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Adventure US Route 299; California State Route 299 from US 101 east to Interstate 5

Back in 2016 I was seeking a way back from the Northern California/Southern Oregon Coast back to the Central Valley that I had not taken previously.  That being the case I decided on California State Route 299 from US 101 in Arcata eastward approximately 135 miles to Interstate 5 in Redding.


CA 299 is best known for once being signed as US Route 299 from US 101 east to US 395.  US 299 was first signed in 1934 according USends.com

USends.com on US 299

Interestingly all of US 299 was originally to be signed as part of CA 44 in 1934 according to CAhighways.org.  The current routing of CA 44 was originally signed as CA 440 which swapped signage once US 299 was approved in 1935.

CAhighways.org on US 299/CA 299

CAhighways.org on CA 440

US 299 first appears on the 1936-37 edition of the California State Highway Map.

1936-37 State Highway Map

US 299 was just slightly under 300 miles and thus was assigned CA 299 during the 1964 State Highway Renumbering.  The newly created CA 299 was extended east of US 395 along what was an unsigned segment of Legislative Route Number 28 to the Nevada State Line at Nevada State Route 8A.  This change resulted in the current 307 mile length of CA 299 compared to the approximately 270 miles of US 299.  These changes can be observed by comparing the 1963 State Highway Map to the 1964 Edition.

1963 State Highway Map

1964 State Highway Map 

From Arcata east to US 395 the routing of US 299 was assigned to the following LRNs.

-  LRN 20 from US 101/LRN 1 in Arcata east to US 99/LRN 3 in Redding.  What would become LRN 20 was partially defined in 1903 when the legislature ordered a survey from North Fork (Helena) west of Weaverville along the Trinity River likely to the modern junction with CA 96.  LRN 20 was properly defined from Redding west to Weaverville as part of the 1909 First State Highway Bond and was further extended to Arcata in 1915.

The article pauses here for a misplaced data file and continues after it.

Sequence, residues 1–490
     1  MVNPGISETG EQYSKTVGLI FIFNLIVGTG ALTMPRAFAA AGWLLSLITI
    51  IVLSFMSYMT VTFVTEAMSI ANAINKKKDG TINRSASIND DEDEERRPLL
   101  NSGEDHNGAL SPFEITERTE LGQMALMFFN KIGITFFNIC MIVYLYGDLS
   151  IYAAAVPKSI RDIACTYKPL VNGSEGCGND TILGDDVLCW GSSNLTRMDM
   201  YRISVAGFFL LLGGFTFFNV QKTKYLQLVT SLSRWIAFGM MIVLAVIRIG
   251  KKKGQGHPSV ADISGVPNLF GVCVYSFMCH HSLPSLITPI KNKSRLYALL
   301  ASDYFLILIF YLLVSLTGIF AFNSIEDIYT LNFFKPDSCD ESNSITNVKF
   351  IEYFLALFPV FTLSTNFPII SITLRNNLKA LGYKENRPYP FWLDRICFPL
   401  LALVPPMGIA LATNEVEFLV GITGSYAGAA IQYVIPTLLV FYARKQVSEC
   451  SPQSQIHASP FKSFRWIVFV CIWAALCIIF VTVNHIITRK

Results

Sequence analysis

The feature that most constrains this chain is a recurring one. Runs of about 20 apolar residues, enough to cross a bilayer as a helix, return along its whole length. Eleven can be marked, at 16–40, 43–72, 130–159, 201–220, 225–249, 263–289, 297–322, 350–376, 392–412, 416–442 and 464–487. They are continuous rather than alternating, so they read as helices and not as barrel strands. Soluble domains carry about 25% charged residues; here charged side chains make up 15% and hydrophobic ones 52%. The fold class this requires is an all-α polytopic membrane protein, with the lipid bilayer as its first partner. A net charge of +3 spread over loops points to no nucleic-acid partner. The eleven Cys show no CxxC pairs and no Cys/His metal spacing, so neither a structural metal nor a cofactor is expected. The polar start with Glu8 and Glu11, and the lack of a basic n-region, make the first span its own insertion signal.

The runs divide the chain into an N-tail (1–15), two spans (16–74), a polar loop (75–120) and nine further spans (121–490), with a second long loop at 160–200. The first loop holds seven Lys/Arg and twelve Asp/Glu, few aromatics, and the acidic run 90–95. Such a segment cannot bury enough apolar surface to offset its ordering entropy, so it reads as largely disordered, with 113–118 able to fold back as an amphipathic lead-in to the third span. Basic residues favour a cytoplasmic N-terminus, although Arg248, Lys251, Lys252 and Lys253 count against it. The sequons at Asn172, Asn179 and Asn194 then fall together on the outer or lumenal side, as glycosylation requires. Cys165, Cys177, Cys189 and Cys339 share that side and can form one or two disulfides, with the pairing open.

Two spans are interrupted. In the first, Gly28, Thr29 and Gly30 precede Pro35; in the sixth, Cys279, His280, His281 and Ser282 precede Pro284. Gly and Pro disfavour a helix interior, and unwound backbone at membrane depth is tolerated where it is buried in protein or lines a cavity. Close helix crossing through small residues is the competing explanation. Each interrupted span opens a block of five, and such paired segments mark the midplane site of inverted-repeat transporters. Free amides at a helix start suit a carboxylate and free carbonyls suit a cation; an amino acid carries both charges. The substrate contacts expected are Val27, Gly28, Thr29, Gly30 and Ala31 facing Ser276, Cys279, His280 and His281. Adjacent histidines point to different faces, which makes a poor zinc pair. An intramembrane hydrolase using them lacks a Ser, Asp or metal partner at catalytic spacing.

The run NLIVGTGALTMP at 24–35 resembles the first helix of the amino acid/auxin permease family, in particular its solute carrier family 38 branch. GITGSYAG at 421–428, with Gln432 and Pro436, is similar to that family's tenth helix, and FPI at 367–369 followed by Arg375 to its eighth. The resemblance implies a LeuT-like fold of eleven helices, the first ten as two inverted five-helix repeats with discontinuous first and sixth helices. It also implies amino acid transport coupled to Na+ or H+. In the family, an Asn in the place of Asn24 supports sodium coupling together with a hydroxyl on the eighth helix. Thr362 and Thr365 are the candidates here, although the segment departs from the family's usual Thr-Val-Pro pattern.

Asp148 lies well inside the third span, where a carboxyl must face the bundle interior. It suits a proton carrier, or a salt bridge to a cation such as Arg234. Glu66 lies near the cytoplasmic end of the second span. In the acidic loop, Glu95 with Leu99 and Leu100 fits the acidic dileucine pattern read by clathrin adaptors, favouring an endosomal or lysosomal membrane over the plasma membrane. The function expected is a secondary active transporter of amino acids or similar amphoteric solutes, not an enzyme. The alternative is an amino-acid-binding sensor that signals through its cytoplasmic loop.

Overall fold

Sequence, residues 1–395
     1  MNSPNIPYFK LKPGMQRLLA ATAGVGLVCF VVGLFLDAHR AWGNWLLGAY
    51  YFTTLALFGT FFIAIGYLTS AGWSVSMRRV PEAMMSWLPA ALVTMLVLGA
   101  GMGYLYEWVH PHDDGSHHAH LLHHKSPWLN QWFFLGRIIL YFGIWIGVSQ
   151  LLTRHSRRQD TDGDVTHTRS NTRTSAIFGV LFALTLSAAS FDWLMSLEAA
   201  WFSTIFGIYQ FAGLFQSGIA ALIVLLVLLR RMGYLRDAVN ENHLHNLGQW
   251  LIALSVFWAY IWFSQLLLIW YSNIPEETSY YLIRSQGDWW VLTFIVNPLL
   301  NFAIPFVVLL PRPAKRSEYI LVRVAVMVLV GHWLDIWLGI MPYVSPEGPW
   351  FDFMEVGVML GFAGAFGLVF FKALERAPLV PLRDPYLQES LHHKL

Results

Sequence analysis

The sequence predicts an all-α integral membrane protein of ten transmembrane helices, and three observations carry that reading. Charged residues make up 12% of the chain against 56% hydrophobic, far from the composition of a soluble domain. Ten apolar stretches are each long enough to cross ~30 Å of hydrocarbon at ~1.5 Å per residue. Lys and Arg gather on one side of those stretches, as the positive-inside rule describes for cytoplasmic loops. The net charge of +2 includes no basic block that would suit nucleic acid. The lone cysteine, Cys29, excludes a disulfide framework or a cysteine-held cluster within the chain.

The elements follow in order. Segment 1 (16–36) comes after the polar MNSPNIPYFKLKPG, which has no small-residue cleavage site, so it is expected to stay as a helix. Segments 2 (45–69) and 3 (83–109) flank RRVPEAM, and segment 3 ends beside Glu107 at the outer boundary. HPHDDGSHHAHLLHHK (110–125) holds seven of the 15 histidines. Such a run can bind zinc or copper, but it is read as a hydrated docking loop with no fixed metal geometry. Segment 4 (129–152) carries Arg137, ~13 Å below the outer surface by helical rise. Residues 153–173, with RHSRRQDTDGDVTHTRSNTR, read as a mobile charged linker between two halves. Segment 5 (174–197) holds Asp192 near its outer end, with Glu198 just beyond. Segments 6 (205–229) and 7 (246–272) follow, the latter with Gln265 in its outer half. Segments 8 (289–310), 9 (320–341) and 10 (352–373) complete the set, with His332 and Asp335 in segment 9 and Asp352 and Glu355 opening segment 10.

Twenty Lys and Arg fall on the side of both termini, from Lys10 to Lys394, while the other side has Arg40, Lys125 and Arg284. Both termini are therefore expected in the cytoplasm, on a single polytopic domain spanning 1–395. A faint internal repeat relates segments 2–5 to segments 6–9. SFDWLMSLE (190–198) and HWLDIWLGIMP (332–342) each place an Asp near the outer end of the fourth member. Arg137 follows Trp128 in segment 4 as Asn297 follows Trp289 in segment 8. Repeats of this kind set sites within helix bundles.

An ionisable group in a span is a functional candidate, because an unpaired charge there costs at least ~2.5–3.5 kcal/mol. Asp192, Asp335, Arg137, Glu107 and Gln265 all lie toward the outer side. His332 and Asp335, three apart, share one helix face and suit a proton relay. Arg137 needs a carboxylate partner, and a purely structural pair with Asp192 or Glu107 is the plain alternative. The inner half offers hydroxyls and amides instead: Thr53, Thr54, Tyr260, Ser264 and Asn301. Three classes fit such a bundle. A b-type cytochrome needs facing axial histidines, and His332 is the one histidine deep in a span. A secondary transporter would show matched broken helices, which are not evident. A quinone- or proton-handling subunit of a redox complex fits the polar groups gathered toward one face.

CAhighways.org Highway History Chapter 1

CAhighways.org on LRN 20

-  LRN 3 in Redding to LRN 28.

-  LRN 28 east to US 395/LRN 73 in Alturas.  LRN 28 also dates back to the 1909 First State Highway Bond running from Redding to Alturas.  LRN 28 was extended by the legislature to the Nevada State Line in 1915 according to CAhighways.org.

CAhighways.org on LRN 28 

From US 101 in Arcata I turned east on CA 299 towards Blue Lake.  The routing of CA 299 from Arcata east to Blue Lake in Humboldt County is very different than the original US 299 alignment.  The modern CA 299 alignment uses a freeway grade over the Mad River where it meets a junction with CA 200 where it drops to a two-lane configuration east of Blue Lake.  The original routing of US 299 from Arcata east through Blue Lake used the following alignment:

-  From US 101 in Arcata; West End Road to a crossing of the Mad River to a junction with unsigned LRN 85 (modern CA 200).
-  Glendale Drive through Essex into Blue Lake.
-  Blue Lake Boulevard east through Blue Lake to the modern expressway grade roughly located at the confluence of the North Fork Mad River and Bald Mountain Creek.

The alignment described above can be observed on the 1935 California Division of Highways Map of Humboldt County.

1935 Humboldt County Highway Map 

The new alignment of CA 299 appears as a proposed route east of Blue Lake on the 1969 State Highway Map.  The modern freeway bypass of Blue Lake on CA 299 appears by the 1975 Edition of the State Highway Map.

1969 State Highway Map

1975 State Highway Map

Modern Blue Lake is made up of several consolidated town sites; Old Blue Lake, Powersville, and Scottsville.  Blue Lake is named after a small lake that formed from flooding from the Mad River which disappeared for good in the 1920s.  Scottsville was founded 1866, Powersville in 1869, and Mad River in 1870 which would later become Old Blue Lake. In 1910 all three towns were consolidated into what is modern Blue Lake.

Blue Lake was located along the Arcata and Mad River Railroad which ran from Arcata to Korbel.  The Arcata and Mad River Railroad was a narrow gauge line which was first constructed in 1853 to transport lumber from the Klamath Mountains to shipping yards on the Pacific Ocean.  The Arcata and Mad River Railroad was converted to standard gauge in 1925 and was in continuous service until 1983 making it one of the longest lived railroads in U.S. history.  Service on the Arcata and Mad River Railroad permanently shuttered in 1992, the tracks were removed in 1997.  When the Arcata and Mad River Railroad was decomissioned it was the longest active railroad in California.

As I was passing through Blue Lake I pulled off the CA 299 freeway to check out some of the sights on Railroad Avenue which would have been on the Arcata and Mad River Railroad.